Opinion

There are thousands of journalists in Philadelphia today, covering the opening of the Democratic National Convention. I don’t want to give anything away, but the Democrats are going to end up nominating Hillary Clinton and Tim Kaine.

Remember, you heard it here first. But there are fewer print reporters than there used to be, and they will return to newsrooms that have a small fraction of the staffs they once did. Increasingly, so-called dailies don’t deliver every day, or cover nearly as many stories.

Forget the cheering, bravado and juvenile attacks that came from Republicans in Cleveland this week.

Ignore the apocalyptic predictions of what could become of the United States should either Donald Trump or Hillary Clinton be elected president.

Ask yourself only this: Is this the best we can do?

Something happened in a courtroom in Detroit Thursday that may have more impact on the November elections in Michigan than anything at the Republican convention.

Earlier this year, Republicans in the legislature outlawed straight-ticket voting in all elections in Michigan. They gave a lot of phony excuses for why they did this, but the real reason is clear. Straight-ticket voting tends to help Democrats, especially for offices that are less high-profile, like board of education seats.

Auchter's Art: Running government like a business

Jul 22, 2016
JOHN AUCHTER / AUCHTOON.COM

Artist's POV:

I've worked in the business world for quite some time now. From private to public companies, startups to established corporations, employee to contractor. I even had my own company for a dozen years. So I think I have a fairly broad understanding.

It would be easy to watch the terminal narcissism unfolding in Cleveland this week and conclude that politics have nothing to do with real life. I was half-tempted at one point to call Dr. Mona, the hero doctor of Flint, and ask her how important the question of Melania Trump’s plagiarism was to the poisoned children and desperate parents of Flint.

Then I realized I couldn’t justify wasting even a few seconds of her time that way. But that doesn’t mean everyone who runs for office is an egomaniac.

Thirty-two years ago, I watched President Ronald Reagan give a speech in Michigan in which he attacked Democratic nominee and former Vice-President Walter Mondale.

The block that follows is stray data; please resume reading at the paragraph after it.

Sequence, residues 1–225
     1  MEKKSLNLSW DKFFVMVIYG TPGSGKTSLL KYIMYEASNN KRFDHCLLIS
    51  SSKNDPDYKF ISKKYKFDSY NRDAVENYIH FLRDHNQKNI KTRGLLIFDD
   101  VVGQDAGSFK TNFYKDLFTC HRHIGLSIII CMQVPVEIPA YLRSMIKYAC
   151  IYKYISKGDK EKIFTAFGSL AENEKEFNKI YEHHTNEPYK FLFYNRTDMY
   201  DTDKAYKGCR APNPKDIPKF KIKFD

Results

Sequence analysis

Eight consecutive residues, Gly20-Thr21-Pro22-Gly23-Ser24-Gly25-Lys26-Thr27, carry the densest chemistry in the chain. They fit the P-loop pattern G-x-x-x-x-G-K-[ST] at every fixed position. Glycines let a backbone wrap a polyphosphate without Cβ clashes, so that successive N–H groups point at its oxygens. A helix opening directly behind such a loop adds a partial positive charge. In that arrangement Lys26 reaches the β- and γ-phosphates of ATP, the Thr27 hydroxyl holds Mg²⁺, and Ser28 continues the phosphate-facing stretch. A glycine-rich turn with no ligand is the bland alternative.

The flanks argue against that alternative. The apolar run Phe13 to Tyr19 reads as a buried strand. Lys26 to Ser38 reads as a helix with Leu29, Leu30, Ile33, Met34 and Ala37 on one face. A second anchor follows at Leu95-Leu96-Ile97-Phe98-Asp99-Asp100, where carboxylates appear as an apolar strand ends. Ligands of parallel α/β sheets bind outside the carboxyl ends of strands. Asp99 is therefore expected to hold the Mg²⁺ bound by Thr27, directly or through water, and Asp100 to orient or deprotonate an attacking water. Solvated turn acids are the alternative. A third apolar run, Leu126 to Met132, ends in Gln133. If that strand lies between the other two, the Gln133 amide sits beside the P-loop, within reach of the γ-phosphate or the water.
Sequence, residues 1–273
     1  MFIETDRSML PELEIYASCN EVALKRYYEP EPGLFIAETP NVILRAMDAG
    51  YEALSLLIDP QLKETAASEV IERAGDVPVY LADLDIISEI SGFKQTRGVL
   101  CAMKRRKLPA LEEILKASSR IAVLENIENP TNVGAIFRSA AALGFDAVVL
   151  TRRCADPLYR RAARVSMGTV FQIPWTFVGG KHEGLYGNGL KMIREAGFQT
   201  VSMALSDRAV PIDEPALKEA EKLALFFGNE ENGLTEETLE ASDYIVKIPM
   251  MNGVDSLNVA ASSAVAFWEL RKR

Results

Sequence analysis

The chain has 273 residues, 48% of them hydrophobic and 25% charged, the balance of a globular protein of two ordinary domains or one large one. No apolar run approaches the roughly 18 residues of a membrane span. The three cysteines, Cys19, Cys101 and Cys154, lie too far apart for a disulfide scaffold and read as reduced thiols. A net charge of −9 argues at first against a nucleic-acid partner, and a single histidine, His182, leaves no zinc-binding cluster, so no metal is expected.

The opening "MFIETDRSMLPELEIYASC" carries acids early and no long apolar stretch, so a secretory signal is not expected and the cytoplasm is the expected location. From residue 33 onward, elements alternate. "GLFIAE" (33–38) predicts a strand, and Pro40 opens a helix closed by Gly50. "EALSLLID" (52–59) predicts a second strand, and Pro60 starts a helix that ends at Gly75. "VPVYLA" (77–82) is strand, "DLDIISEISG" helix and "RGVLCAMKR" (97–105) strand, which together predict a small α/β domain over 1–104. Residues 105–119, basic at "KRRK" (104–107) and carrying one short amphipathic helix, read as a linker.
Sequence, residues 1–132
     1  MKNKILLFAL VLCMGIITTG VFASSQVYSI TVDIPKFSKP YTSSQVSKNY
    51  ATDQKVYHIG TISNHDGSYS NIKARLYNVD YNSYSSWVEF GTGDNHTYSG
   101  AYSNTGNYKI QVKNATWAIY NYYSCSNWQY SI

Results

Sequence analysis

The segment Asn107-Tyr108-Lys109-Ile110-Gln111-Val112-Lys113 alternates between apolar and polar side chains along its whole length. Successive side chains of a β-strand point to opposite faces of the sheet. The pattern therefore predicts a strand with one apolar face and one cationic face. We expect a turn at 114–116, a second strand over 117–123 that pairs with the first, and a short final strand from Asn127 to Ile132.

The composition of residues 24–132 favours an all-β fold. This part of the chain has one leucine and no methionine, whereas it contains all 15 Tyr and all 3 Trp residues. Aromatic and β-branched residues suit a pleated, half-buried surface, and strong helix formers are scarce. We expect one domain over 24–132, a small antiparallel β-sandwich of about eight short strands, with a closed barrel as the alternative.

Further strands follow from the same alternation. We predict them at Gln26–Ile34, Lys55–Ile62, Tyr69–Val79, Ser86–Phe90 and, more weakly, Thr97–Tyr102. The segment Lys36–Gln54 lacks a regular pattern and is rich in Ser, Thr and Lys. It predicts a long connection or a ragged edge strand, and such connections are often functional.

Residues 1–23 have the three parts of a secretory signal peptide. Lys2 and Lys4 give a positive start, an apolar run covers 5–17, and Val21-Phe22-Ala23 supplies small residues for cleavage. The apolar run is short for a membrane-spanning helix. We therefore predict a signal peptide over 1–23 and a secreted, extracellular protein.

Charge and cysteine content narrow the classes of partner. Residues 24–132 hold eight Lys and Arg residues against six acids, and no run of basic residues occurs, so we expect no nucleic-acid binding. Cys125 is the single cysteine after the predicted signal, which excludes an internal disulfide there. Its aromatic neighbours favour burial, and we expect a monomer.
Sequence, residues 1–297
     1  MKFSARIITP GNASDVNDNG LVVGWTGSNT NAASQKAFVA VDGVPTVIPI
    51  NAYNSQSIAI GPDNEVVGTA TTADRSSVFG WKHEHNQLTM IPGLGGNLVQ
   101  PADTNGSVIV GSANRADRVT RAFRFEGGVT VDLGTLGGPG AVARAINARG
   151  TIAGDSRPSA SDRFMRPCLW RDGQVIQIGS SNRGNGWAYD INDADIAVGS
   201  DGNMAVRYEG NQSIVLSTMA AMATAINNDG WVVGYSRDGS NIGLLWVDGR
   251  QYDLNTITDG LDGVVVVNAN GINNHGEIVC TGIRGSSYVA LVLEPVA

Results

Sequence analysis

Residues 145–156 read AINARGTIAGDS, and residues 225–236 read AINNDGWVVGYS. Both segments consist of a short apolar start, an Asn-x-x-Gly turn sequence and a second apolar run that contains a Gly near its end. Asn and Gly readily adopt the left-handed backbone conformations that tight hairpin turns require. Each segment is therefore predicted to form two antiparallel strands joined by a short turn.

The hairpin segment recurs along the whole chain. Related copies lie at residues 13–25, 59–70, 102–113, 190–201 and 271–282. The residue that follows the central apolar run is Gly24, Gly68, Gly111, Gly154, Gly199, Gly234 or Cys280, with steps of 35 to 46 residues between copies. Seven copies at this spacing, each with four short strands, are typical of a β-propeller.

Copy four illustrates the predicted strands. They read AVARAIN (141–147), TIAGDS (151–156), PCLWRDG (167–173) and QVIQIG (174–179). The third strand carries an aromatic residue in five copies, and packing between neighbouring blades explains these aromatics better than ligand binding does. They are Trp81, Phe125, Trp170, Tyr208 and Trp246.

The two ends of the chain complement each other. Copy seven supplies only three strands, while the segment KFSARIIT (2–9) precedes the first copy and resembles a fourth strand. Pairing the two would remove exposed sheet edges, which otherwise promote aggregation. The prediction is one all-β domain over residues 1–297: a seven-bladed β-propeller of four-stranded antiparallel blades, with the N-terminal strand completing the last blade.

“If his administration had been a book,” Reagan said of the man running against him, “you would have had to read it from back to front to get a happy ending.”

The bottom line, Phil Power told me recently, is that our future is all about the schools.

Power isn’t exactly a wild and crazy left-wing radical. He ran for the U.S. Senate once as a moderate Democrat nearly 40 years ago, but lost the primary to a fellow named Carl Levin.


Several weeks ago, I was rushing to a meeting at Wayne State University, distracted and speeding on the freeway. Suddenly, I saw the flashing lights and was soon pulled over by a black policeman, who took my license and registration and went back to his car.

I expected a ticket and points on my record, and I indeed deserved them. But he eventually came back, gave me a warning, and said I had better slow down and be careful.
 

I was astonished and grateful. But today I am scared.

Road to self-driving cars depends on people

Jul 16, 2016

The talk of the auto industry this year isn’t about Detroit’s record profits. Rather, it’s about racing to field vehicles that drive themselves.

But it’s not as easy as it sounds.

The road to self-driving cars isn’t just about technology.

Remember the Onion, that crazy satirical newspaper people couldn’t get enough of in the 1990s? It’s still around, but these days, I think real life has gotten better than art at being utterly absurd. Certainly that was the case in Michigan yesterday.

I mean, can you imagine a better Onion headline than “Governor whose aides poisoned children appoints oil industry lobbyist to head environmental agency?”

Auchter's Art: Finding common ground on guns

Jul 15, 2016

Artist's POV:

A cop shoots a man dead. Is your first thought to want to know their racial profiles?

A man uses a military assault rifle to kill multiple people. Is your first thought to hope for a reason that won't conflict with your political views?

A neighborhood teen takes his own life with a handgun. Is your first thought to wonder why a handgun was available to him at a moment of despair?

A young woman is gunned down in Chicago. Is your first thought to consider how this might affect gun control statistics?

Governor Rick Snyder did something sensible Wednesday – he asked the Michigan Supreme Court for an opinion as to whether it is legal under the Michigan Constitution for the state to use taxpayer dollars to provide aid to private schools.

In a sense, this is actually putting the cart before the horse, in that Snyder signed an education budget last month that includes a two and a half million dollar appropriation for private schools. At the time, he was urged to use his line-item veto to prevent that from happening, but he declined, saying he believed this was legal.

I never met Julie Plawecki, the state representative from Dearborn Heights who died unexpectedly last month while hiking in Oregon. By all accounts, she was a hard-working legislator and someone who virtually everyone liked and respected.

And she had the sort of background I’d like to see more lawmakers have. Too many are lawyers or real estate agents. Plawecki, who was 54, had worked in medical technology, but spent most of her life as an elementary and high school math and science teacher.

Once upon a time there was a Republican politician who took office at a time when the nation was bitterly divided over social issues.

He knew this was not the way things should be.

“We are not enemies, but friends,” he pleaded with his people. He told them he was optimistic that America would do better, and that our hearts would be touched by “the better angels of our nature.”

Two days after the killings of five police officers in Dallas, there was an editorial in the Detroit News that began “The last thing we need in this country is a race war.”

Well, just about everybody who is sane would agree with that. But there are a lot of black people who could tell you that a race war has been going on for centuries. 

GOP schism deepens after Flint water crisis